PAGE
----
A few weeks ago, we saw some of the UK’s biggest supermarket chains make grovelling apologies after complaints flooded in about a distasteful ‘mental patient’ costume, and this week Amazon have been forced to remove…wait for it – a zombie Jimmy Savile costume complete with blingy jewellery and tracksuit.

Okay, so some of you reading might be thinking that those who are offended by these costumes are too sensitive or are generally lacking a sense of humour, but we trawled the web for other costumes causing a stir, and it didn’t take long before we found more. Amongst the endless Miley Cyrus costumes, we were able to find Osama Bin Laden outfits, pregnant schoolgirl costumes complete with prosthetic baby bump and a variety of suicide bomber costumes. We also came across Hitler costumes for children; life sized used sanitary outfits and completely inappropriate priest costumes that any sane person would not want to wear on a night out for their own personal safety.

Gregor, a 22-year-old media student told us about his offensive Halloween costume experience. “This year one of my friends considered dressing up as Madeline McCann for a laugh.” Gregor explained, “We had to tell him we wouldn’t be going out on the town if he was dressed up like that – it was just too far and he could get himself into a lot of trouble with other Halloween revellers who could be offended by that kind of costume. He decided against it in the end because it was just toeing the line as to what’s funny and what is just offensive.”

…girls dress up as slutty Little Bo Peep, sexy nuns and I’ve even seen a costume online this year called ‘Anna Rexia’…

Jimmy Savile Halloween Costume23-year-old biology student Laura told us it’s the slutty costumes that she has a problem with come October the 31st. “I just find it really degrading when girls think that Halloween is the night to wear absolutely nothing in order to get the attention of lads. I’ve seen girls dress up as slutty Little Bo Peep, sexy nuns and I’ve even seen a costume online this year called ‘Anna Rexia’ where it’s essentially a tiny dress with a skeleton on it. I really don’t think it’s the kind of message you would want to send to young girls and completely belittles what is a really serious mental illness. You can still have an amazing Halloween costume that’s original, but still allows you to keep some of your dignity.”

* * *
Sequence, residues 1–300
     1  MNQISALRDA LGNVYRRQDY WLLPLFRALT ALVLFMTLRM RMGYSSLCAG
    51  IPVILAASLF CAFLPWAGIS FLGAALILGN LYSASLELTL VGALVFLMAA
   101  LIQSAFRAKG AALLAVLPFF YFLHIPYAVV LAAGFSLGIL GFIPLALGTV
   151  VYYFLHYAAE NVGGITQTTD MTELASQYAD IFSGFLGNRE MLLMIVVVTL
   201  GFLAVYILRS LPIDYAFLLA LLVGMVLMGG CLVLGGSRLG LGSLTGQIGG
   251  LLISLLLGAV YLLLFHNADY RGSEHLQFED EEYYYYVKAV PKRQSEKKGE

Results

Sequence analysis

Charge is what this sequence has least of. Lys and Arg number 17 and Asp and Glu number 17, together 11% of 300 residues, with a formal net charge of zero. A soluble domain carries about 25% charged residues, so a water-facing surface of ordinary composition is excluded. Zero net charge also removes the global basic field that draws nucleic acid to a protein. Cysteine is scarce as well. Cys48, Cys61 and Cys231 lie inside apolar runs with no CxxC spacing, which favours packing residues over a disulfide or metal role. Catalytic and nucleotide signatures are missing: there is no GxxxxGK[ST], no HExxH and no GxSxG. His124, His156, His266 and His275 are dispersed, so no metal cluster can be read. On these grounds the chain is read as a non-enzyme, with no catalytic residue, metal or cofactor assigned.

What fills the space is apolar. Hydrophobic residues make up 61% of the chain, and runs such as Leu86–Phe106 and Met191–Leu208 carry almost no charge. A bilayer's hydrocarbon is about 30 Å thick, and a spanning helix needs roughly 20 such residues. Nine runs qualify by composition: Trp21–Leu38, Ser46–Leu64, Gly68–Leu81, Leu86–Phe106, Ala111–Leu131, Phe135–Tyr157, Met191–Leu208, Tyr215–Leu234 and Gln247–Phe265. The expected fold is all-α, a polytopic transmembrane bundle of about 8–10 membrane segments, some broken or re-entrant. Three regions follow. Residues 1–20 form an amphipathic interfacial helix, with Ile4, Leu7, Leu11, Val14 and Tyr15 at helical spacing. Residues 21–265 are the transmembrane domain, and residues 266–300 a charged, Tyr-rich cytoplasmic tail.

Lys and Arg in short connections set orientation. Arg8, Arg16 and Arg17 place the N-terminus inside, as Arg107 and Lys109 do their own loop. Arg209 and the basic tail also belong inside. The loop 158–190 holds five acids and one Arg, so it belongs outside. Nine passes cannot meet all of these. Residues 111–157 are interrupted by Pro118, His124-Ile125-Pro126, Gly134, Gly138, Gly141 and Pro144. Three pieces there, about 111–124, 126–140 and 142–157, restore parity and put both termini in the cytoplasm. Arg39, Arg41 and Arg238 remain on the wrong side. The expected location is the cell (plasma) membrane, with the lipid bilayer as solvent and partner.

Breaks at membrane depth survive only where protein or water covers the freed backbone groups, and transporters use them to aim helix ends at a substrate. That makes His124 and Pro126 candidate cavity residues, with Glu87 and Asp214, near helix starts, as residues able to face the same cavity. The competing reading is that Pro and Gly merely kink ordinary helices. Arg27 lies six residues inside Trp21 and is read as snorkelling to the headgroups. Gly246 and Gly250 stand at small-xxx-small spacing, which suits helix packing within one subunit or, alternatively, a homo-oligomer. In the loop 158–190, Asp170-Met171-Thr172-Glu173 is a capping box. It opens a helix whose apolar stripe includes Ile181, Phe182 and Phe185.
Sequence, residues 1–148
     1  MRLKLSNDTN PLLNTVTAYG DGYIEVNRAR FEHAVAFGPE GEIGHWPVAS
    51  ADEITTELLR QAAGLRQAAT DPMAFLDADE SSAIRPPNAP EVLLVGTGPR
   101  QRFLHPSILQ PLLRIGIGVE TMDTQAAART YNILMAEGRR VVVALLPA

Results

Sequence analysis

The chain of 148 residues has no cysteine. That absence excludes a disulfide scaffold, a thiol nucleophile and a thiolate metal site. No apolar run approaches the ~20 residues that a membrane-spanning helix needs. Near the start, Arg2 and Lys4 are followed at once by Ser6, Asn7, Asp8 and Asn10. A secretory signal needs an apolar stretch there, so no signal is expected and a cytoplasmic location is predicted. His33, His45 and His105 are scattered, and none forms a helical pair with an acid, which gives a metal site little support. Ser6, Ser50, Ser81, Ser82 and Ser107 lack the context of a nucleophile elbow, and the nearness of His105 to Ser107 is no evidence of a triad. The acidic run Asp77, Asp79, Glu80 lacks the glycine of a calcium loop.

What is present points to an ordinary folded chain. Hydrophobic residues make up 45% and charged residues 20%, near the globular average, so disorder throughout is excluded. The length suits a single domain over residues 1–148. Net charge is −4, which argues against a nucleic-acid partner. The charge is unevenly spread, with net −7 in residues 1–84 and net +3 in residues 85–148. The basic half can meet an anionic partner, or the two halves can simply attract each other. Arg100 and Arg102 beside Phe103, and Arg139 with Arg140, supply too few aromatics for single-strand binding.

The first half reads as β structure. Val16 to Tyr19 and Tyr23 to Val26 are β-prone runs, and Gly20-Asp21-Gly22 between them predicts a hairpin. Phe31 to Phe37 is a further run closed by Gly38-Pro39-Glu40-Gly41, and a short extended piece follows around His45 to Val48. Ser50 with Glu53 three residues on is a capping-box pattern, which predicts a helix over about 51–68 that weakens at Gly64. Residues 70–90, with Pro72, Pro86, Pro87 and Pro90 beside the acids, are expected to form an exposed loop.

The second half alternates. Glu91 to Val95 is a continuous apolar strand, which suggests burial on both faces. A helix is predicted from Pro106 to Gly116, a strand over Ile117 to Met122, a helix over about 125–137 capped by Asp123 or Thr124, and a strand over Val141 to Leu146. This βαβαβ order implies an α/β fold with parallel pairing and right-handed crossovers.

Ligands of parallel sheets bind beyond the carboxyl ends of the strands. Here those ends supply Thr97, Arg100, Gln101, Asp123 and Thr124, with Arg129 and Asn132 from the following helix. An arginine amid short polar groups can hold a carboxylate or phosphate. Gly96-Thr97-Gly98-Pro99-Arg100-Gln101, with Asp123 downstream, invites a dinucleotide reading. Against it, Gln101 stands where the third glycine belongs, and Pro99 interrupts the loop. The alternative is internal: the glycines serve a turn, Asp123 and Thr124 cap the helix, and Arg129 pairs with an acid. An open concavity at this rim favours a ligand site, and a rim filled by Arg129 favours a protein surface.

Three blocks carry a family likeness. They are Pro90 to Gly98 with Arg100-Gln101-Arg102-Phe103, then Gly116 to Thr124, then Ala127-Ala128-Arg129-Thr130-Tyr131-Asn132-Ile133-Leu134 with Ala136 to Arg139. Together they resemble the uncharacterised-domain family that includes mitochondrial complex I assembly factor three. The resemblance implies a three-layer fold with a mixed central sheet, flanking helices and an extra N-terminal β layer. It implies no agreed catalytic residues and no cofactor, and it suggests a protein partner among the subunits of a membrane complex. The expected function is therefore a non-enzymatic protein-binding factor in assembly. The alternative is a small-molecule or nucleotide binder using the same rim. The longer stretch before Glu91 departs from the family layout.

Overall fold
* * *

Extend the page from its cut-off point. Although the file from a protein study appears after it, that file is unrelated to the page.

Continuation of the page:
Paul however, a 22-year-old construction graduate, says that he thinks it’s all part of the Halloween celebrations and people need to relax when it comes to risky costumes. “People always have and always will want to push the boundaries when it comes to Halloween costumes. I guarantee if you’re out this Halloween you will see endless Jimmy Savile costumes – it’s a given. I think people just need to chill out and accept that it’s only a bit of fun.”

…the ‘Halloween-Gate’ drama surrounding that mental patient costume pulled off the shelves…

Whilst, if offensive is your style this Halloween, nothing is to stop you creating your costumes from scratch in the comfort of your own home, more and more retailers are pulling the offensive costumes from their stores. Following the ‘Halloween-Gate’ drama surrounding that mental patient costume pulled off the shelves by Asda and Tesco, the supermarket chains responded by donating large sums of money to mental health charities and issuing formal apologies. In September, a spokesperson for Tesco said, “We are really sorry for any offence caused and we are removing this product from sale.”

If we could offer you any advice this Halloween apart from the obligatory ‘stay safe’ lecture, it would be to carefully consider what you choose to throw on before you hit the town. Although you and your mates might think it would be hilarious to dress up as a terrorist bomber, other partygoers might not find it so funny and you could risk ruining a night out because of it.

About The Author

I'm a graduate of Glasgow Caledonian University with an Honours Degree in Multimedia Journalism and the Current Affairs Editor here at MouthLondon. A Glasgow girl through and through with an accent people can rarely decipher.

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